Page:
For Humdrum's latest EP, the band booked time with Steve Albini in his Chicago-based Electrical Audio studio. This fact alone could overwhelm the conversation about the record, but Albini is a famously egalitarian and workmanlike producer. If you book time with him and get on the studio calendar, he'll record your stuff. So his name is less a stamp of approval from one of rock's most famous producers and personalities and more a comment on Humdrum's willingness to throw a good amount of time and money at this project. (To further the EP's analog pedigree, it was mixed at John Vanderslice's Tiny Telephone studio and mastered to stereo tape.) I haven't heard the vinyl version of We Are Electricity, but even the mp3 versions show a more mature use of space and a focus on a few key tones for a band that has previously suffered from a little bit of sonic A.D.D.
On these five tracks, the guitars are left clean and reverberant while a carol of the bells fills in a lot of the high end: Rhodes electric piano dominates, along with glockenspiel and vibraphone. Such instrumentation lends an airy, occasionally dreamy feel to the EP, which is an ideal setting for Paul Maguire's vocals. His high, languid tenor voice is able to transmit these songs above the increasingly complicated instrumentation and changing tempos. Only on "Electric Dice" does he commit to the herky-jerky motions of the tune; otherwise he floats along, unmoored but not aloof.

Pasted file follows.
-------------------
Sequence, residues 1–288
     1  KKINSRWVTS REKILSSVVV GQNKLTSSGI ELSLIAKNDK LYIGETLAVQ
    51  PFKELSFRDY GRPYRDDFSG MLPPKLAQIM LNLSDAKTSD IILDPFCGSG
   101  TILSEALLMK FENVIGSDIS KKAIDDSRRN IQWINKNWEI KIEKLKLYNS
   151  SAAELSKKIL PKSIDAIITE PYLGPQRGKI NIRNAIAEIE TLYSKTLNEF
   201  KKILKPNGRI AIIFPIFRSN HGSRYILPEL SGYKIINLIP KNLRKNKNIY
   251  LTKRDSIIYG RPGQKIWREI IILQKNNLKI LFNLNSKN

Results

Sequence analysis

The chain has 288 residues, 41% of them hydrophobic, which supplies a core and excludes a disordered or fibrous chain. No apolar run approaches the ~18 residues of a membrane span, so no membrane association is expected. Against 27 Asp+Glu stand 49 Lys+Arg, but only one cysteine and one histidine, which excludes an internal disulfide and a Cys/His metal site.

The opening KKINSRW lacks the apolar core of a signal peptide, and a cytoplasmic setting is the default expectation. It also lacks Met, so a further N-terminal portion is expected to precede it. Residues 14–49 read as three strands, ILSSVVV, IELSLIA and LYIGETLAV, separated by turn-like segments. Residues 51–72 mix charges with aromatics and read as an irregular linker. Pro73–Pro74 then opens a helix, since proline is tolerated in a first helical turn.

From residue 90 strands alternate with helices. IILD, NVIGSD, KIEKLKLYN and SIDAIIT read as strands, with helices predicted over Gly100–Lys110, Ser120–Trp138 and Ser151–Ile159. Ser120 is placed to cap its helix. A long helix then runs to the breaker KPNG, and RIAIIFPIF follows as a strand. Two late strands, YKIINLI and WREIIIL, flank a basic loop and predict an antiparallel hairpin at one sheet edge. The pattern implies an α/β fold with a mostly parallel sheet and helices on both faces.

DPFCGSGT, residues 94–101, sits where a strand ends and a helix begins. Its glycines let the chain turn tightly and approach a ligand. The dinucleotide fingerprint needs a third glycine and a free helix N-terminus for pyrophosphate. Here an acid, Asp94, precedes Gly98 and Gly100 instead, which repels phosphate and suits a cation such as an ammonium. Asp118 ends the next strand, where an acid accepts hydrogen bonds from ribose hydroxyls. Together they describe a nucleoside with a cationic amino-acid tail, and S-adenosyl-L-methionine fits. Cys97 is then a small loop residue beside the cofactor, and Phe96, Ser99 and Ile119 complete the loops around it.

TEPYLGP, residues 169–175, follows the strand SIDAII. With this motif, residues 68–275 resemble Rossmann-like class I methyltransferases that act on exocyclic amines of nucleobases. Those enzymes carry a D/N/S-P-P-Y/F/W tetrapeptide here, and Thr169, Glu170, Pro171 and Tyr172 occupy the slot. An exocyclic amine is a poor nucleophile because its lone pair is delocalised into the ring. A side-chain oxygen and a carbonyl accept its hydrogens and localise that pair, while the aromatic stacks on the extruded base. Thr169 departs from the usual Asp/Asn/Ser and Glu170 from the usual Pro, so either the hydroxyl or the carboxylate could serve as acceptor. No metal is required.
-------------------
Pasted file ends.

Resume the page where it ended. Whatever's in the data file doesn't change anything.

I've long admired Humdrum for its rhythmic dexterity — Mic Boshans enlivens the electro pulses as Née's beatkeeper but he sounds more at home in Humdrum. On a song like "Electric Dice," he sets the timer and then branches into fills and filigrees, including an impressive rhythmic shift near the end. Boshans is able to treat his kit like a lead instrument without coming off as a soloist or a Keith Moon acolyte. (See the band's video performance of "I'll Find You" for last year's Lo-Fi Cherokee sessions to witness this concept in action.) "Vanish" is as close to disco as we've heard Humdrum get, though Andy Benn's psychedelic organ solo owes no small debt to the recently departed Ray Manzarek. Benn stands out as the band's secret weapon this time around. He knows when to get complicated and when to hang back; few keyboardists straddle that divide this well. His performances are an object lesson on why We Are Electricity is Humdrum's best release by a mile — the band knows better now when to turn up the quirk factor and when to lay out and let the song breathe. All the big-name producers and analog fetishization wouldn't matter without that discipline.